CHICKEN THIS OR CHICKEN THAT!
ate a lot of basic foods in the old days. Chicken was one of them. You
fried it, stewed it, roasted it, broiled it, boiled it, ground it and
fixed it just about every way except plain raw. It tasted different with
every modification, but you could always recognize it as chicken.
All this talk is leading up to a special flavor I discovered in
Piedras Negras while employed down there. I was working for W. Lee
O’Daniel during his big advertising campaign and I spent long hours
across the border from
, enjoying the actions of a border radio station. We arrived very early
in the morning and didn't return until after 10:30 at night, so there
was a lot of time in
and not too much in
, I had a small room above a cafe. It was the usual cheap room with no
cooking facilities and a bath at the end of the hall. My early breakfast
consisted of a bowl of cereal of some sort and a can of condensed milk.
My inventory of cooking utensils consisted of a bowl, a spoon and a can
I met Juan along the curb at the station. He would watch visitors
or workers cars all day for a few cents and see that no one stole it or
tampered with it. He was about my age, and spoke English very well. From
the first meeting, we were friends. He was well dressed and well
groomed, and apparently was a successful business man at that early age.
Juan had a brother that he called Pedro who came by several times
a day with a push cart. He was selling tamales and chicken sandwiches.
Ordinarily I ate tamales for lunch and chicken for supper. Pedro's
chicken had a different and distinctive flavor. After over seventy
years, I can still remember exactly how it tasted, but I have difficulty
describing it. I will just say that it had a flavor that I liked, and I
ate a lot of it.
Juan had still another brother who was a policeman of some
sort. At least he wore a uniform. He was older than Juan and Pedro and
came by frequently to see if Juan was having any trouble. There were
other boys around the station who practiced the same vocation and would
offer to watch your car for less. Sometimes some of the older and
rougher watchers attempted to drive out the younger and weaker ones.
This is where Juan's policeman brother came in very handy. Juan did a
good job and kept his regular customers. Often when his cars were
scattered, he employed some of the other boys to help him watch.
One Saturday night Juan asked me to spend the night with
him and go to the chicken fights the next day. Since the station was
practically shut down on Sunday except for recorded programs, I decided
it would be fun and accepted the invitation.
We walked to Juan's home, which was just a few blocks from the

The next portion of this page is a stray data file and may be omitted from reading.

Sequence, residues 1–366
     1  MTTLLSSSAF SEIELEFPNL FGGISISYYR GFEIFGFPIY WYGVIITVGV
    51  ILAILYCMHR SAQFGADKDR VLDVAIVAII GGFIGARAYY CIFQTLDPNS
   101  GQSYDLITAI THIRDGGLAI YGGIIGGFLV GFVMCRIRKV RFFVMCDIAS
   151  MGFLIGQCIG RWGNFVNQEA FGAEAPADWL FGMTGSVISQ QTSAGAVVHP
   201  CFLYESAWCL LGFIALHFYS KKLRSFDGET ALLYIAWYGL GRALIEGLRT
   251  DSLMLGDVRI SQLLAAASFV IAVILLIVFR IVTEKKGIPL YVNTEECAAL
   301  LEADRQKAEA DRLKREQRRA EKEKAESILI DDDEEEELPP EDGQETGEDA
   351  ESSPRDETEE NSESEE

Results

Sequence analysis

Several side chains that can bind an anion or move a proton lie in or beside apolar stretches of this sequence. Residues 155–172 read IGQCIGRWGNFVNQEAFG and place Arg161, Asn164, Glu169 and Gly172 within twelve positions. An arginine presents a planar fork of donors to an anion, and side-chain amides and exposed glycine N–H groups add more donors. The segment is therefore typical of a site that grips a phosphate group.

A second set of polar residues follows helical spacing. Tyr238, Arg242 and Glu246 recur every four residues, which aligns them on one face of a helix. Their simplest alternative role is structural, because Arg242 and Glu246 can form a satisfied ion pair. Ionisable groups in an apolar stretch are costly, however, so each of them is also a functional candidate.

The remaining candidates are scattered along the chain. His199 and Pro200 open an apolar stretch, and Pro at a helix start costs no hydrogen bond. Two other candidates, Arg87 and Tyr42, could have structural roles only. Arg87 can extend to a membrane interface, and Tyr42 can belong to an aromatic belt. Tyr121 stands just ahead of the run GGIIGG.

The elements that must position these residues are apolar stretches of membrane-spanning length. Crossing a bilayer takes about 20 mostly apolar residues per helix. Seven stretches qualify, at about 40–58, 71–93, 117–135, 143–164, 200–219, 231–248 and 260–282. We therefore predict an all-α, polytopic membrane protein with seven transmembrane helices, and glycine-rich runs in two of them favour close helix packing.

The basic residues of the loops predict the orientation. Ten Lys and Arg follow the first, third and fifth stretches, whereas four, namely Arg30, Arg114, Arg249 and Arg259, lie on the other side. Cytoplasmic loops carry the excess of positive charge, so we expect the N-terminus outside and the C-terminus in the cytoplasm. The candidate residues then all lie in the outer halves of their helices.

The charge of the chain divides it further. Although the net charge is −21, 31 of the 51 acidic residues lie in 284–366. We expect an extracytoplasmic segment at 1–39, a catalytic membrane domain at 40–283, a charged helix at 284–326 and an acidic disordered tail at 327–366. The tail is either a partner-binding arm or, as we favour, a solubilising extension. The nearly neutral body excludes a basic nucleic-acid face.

downtown section of the little town. He lived in a two room building
without water or electricity. The back room was closed with a crude
door. He told me that his sister lived there, but was seldom home. She
worked in a bar. He said his parents lived a few blocks over and had a
cafe downtown. The house had a dirt floor which appeared to be well
packed and reasonably clean. There was a toilet a few feet from the rear
of the house, and I guessed from the smell that it might be used by
several other people. There was a clean looking bed in one corner and a
table and two chairs about the middle. A lamp was on the table and a box
of matches beside it. He had taken one from his pocket and lit the
"It's not much of a house," he told me, "but it
serves the purpose. It doesn't get cold enough to need a fire and I get
all my meals at the cafe or from Pedro."
With little more conversation we crawled in the bed and were soon
It was still dark, and I heard someone open the door.
"Wake up, Juan - time to go." It was Pedro. Juan woke
up quickly. I was already awake. Pedro had struck a match and lit the
lamp. "I've got a lunch in the wagon, so let's get going."
So we got going. I crawled in the back of a rickety wagon.
It was loaded with a wooden barrel and a few large boxes and sacks. Juan
sat beside me and Pedro crawled on the board seat in front. Two donkeys
were hitched to the wagon, and after considerable coaxing they started
down the street. Soon we were out of town and heading southwest toward
some hilly country. There were a few lights in town, but no one was on
the street. We soon rattled into the country and continued down a dirt
road. The sun was beginning to show a little red light in the east.
In about a couple of hours we turned off the road and into a
lightly wooded forest and in a few minutes we saw a bunch of wagons,
buggies, horses and even a few old automobiles.
"This is it," Juan said. "Our first job is
to gather some wood for a fire. Pedro is going to heat some water."
Pedro walked into a clump of bushes and dragged out an old cast iron
wash pot, turned upside down. He turned it upright and placed three
charred rocks under the legs. He took two large zinc coated buckets
from under the wagon seat and started toward a thicket of willows
about two hundred yards to the west. "I'll get the water," he
explained, "and you two get the wood."
Juan grabbed an ax and we walked into the woods. He told me that
they had used most of the dead wood that was close, so we would have to
walk a little farther to find some. But it didn't take long and we soon
found an old dead tree on the ground. Juan chopped off two big arm loads
for us to carry back.
By the time Pedro got the fire going, there was
activity farther down the valley, and a crowd was beginning to gather.
Juan and I walked down there and I saw a lot of chicken crates with
roosters in them.
Old Timer Tale will be concluded in the next issue.